Women from across the province are not only experiencing worsening mental health due to these factors and more. The report from the BC Women’s Health Foundation also found that 40 per cent of these women do not have access to the mental health support they need.

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Laura Dupont is pictured at the entrance to her home in Port Coquitlam. Photo by Maggie MacPherson.

The RBC report stressed the importance of “reskilling” programs — training initiatives to help workers in obsolete fields transition to other types of work — to an inclusive recovery.

“More options for affordable childcare would also help many lower-earning mothers get back to work,” the report reads. “But it’s no solution if they don’t have jobs to return to.”

For those who do have jobs, proactive support is essential, Catherine said. They acknowledge that employers have done a lot to try and remove the stigma surrounding mental health, but that concentrated outreach efforts are sorely needed right now.

“Women and non-binary folks maybe might not feel comfortable enough to approach management with concerns [around their mental health], even if management will probably be okay with it,” they said.

Many of the women The Tyee spoke to for this story expressed how it felt difficult or unappealing to reach out for help, especially over Zoom.

Quality mental health support needs to permeate the local level so that women feel comfortable accessing it within their community, Dupont added.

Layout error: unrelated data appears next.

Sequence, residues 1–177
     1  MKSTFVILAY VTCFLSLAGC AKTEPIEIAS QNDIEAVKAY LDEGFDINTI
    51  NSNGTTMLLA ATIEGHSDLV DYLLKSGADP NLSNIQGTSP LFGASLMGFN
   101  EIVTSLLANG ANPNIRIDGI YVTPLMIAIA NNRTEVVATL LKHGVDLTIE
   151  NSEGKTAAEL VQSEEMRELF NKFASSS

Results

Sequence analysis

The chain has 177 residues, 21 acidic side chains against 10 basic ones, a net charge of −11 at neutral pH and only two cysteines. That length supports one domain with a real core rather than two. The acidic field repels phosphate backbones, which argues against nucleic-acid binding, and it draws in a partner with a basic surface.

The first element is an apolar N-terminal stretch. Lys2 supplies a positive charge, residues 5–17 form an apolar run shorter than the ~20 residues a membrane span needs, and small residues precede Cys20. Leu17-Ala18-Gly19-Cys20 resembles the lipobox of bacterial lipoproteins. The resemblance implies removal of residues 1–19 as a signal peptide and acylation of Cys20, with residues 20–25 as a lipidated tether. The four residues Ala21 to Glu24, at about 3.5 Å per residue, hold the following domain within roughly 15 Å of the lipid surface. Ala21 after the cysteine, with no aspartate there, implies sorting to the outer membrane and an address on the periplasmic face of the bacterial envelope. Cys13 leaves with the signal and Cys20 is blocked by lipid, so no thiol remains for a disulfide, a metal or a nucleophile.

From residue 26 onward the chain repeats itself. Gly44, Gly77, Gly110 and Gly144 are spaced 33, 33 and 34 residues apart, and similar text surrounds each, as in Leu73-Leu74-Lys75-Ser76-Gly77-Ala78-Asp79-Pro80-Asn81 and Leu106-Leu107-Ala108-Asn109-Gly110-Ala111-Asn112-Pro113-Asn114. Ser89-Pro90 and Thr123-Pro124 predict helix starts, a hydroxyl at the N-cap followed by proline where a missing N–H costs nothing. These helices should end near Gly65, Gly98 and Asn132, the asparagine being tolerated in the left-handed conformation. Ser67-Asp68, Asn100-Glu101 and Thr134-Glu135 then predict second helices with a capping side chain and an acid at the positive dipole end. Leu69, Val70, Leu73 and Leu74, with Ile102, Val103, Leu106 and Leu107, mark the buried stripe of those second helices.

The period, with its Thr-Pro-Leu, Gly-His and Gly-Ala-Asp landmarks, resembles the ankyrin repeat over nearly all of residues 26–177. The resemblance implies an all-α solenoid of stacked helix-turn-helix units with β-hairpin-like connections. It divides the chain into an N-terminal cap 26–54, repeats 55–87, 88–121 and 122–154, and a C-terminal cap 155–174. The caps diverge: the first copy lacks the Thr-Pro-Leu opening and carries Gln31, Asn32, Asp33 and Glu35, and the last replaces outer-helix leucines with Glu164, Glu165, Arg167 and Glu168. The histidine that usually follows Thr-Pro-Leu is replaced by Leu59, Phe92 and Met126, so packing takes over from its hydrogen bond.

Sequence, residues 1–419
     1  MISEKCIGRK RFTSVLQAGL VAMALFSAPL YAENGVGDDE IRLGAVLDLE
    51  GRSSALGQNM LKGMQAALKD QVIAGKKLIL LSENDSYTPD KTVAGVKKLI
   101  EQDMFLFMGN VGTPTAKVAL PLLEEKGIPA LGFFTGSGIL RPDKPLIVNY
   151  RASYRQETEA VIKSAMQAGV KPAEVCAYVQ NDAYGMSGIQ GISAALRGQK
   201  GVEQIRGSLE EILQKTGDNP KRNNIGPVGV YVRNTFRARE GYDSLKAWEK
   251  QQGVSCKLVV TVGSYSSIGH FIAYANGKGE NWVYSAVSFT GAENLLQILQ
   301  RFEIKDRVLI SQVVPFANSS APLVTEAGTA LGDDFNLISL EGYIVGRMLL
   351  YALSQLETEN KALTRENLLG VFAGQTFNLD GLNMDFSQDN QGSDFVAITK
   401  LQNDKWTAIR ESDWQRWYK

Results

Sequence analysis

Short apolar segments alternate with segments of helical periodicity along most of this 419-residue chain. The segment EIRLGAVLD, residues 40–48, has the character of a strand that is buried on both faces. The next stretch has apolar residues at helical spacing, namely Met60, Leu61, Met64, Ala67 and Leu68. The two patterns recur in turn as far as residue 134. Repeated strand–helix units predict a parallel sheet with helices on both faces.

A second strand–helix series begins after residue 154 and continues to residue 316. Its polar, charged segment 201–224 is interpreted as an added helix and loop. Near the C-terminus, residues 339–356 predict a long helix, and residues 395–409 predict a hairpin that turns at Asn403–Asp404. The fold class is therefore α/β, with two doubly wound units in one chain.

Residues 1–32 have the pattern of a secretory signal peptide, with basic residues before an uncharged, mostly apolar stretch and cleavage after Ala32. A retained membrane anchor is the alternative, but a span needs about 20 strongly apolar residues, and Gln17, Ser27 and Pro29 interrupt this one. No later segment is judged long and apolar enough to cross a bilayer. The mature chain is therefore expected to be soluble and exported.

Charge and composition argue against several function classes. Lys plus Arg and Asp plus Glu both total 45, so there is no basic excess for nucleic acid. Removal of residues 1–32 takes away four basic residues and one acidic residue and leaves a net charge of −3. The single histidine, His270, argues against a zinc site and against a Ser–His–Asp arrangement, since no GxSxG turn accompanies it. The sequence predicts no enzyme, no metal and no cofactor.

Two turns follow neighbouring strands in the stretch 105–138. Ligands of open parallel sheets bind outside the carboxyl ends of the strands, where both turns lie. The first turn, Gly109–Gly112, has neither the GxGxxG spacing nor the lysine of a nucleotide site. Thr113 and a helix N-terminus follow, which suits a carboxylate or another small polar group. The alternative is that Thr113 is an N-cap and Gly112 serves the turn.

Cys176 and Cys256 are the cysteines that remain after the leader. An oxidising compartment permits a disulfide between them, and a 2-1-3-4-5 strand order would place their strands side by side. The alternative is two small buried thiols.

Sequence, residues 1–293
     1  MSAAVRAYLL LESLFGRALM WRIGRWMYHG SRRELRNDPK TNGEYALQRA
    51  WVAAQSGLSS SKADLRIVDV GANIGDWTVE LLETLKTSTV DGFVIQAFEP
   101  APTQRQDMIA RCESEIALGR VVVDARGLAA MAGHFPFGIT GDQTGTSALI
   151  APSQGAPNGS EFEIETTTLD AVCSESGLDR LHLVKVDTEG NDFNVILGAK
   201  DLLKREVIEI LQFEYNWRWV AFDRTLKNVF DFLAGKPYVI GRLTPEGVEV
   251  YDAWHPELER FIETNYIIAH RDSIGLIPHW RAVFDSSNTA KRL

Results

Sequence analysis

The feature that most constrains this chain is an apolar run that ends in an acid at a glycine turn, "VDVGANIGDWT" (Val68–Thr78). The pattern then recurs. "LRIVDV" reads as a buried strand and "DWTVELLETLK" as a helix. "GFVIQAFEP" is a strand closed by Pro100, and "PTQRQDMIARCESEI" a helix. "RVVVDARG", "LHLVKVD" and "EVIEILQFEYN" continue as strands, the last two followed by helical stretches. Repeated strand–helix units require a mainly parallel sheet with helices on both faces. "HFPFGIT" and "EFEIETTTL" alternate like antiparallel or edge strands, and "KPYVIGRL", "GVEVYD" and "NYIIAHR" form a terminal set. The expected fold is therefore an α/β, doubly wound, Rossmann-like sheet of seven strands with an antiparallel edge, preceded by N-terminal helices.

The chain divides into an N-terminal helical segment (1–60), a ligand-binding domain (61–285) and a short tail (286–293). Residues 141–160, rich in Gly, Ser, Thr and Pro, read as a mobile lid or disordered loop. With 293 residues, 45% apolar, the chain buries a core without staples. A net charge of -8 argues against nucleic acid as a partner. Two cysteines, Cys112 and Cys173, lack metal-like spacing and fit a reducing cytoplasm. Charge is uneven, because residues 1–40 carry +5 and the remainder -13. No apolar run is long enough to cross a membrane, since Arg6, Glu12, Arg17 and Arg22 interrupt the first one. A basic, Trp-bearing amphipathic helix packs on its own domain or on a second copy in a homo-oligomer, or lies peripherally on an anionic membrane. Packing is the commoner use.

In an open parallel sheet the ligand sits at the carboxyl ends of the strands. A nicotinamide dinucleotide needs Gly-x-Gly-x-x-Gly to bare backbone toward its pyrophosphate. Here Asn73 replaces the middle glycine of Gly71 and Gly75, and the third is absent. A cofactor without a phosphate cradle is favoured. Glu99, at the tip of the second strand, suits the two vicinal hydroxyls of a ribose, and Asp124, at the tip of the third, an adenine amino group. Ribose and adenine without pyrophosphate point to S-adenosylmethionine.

British Columbians may be able to access services like counselling and therapy through their local hospital or mental health clinic, but this requires a doctor’s referral and may involve a months-long wait. The private system is not covered by provincial health care and can be cost-prohibitive for women who do not have benefits through work.

McMullan recently joined her husband’s expansive health insurance, which included therapy funding for spouses, and has now been accessing counselling services that have really helped with her anxiety. Running her own business, it’s something that she would never have had access to otherwise.

But the process of finding a therapist who is a good fit can be more complex for other women.

“For a racialized person to be able to speak to a therapist from a racialized background, someone who understands the negative and traumatic effects of racism from their own personal experience, makes a massive, positive impact in the success of their treatment,” said Shannon.